Medieval village remains get protected status

medieval-village-gets-protected-statusThe remains of a medieval village has been given ancient monument status.

It means the area of land alongside a small stream running through Ashby St Ledgers has the same legal protection as some of the most historic sites in the country.

The medieval village was first documented in Domesday Book of 1086 with a population of 24. Its remains today comprise hollow ways, building platforms known as tofts, associated gardens known in medieval times as crofts, the site of a dovecote, and ridge and furrow.

Areas covered by the protection are on both sides of a small east flowing stream – once a road – at the west end of the village around Cherry Tree Farm, and on the south side of the stream between the farm and the Manor House.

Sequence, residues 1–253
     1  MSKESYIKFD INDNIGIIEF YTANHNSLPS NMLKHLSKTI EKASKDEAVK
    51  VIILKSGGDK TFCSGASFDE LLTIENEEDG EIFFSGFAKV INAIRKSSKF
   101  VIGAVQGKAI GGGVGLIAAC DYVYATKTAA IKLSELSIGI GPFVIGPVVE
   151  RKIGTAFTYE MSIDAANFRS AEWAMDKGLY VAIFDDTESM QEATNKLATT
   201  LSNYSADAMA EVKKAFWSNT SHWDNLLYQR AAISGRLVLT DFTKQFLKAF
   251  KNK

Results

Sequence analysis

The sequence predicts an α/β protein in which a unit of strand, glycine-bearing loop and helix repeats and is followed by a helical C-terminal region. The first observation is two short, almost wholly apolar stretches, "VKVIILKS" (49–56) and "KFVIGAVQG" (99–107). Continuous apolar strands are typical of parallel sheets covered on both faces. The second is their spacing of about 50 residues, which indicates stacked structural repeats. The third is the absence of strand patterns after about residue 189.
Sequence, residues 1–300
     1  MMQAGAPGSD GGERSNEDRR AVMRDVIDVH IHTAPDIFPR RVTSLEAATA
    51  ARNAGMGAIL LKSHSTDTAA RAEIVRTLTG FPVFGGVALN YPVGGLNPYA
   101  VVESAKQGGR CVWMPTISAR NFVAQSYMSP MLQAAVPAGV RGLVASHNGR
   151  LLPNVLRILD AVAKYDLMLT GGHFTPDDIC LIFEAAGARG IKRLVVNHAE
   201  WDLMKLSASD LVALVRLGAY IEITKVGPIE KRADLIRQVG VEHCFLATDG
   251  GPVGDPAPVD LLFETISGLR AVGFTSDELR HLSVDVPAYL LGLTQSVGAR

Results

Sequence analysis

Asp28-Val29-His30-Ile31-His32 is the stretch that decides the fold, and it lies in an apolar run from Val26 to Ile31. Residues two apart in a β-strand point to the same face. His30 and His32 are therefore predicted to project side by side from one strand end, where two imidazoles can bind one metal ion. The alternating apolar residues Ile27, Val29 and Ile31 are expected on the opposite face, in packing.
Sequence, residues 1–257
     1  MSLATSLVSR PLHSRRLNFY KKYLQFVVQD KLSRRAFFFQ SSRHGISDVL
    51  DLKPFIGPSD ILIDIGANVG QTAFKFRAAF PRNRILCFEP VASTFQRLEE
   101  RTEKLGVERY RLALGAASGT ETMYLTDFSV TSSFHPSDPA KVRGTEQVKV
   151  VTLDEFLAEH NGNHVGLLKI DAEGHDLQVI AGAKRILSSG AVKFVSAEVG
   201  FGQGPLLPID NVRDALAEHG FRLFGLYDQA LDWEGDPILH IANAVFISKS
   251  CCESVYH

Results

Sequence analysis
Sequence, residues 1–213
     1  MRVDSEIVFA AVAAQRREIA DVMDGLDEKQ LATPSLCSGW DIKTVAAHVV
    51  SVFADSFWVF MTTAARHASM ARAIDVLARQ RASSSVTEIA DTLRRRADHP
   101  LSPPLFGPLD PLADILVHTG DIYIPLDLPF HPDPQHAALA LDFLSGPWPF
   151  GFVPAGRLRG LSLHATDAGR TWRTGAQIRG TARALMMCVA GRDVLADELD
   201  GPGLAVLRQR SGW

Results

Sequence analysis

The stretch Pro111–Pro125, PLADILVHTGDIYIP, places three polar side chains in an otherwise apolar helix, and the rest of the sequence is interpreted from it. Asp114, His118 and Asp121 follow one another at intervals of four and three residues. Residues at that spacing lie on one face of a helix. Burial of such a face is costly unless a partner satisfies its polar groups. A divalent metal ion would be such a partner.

There are no definite records that the once Y-shaped village was deserted for any particular reason as some were due to disease, and experts believe it is more likely there was a simple movement of people rather than a shrinkage of the settlement.

SUBSCRIBE TOMEDIEVAL ARCHIVES PODCAST

STAYCONNECTED

Related Posts

Support Medieval Archives

Your journey into the Middle Ages starts with the Medieval Archives podcast. Offering in-depth history lessons, interviews with medieval historians and authors and entertainment review you will learn history from the experts.

Medieval Archives is an ad-free experience so you can enjoy an uninterrupted medieval history lesson. Help the show continue creating exceptional episodes with a donation.

Support Medieval Archives with a contribution today.

Discussion about this post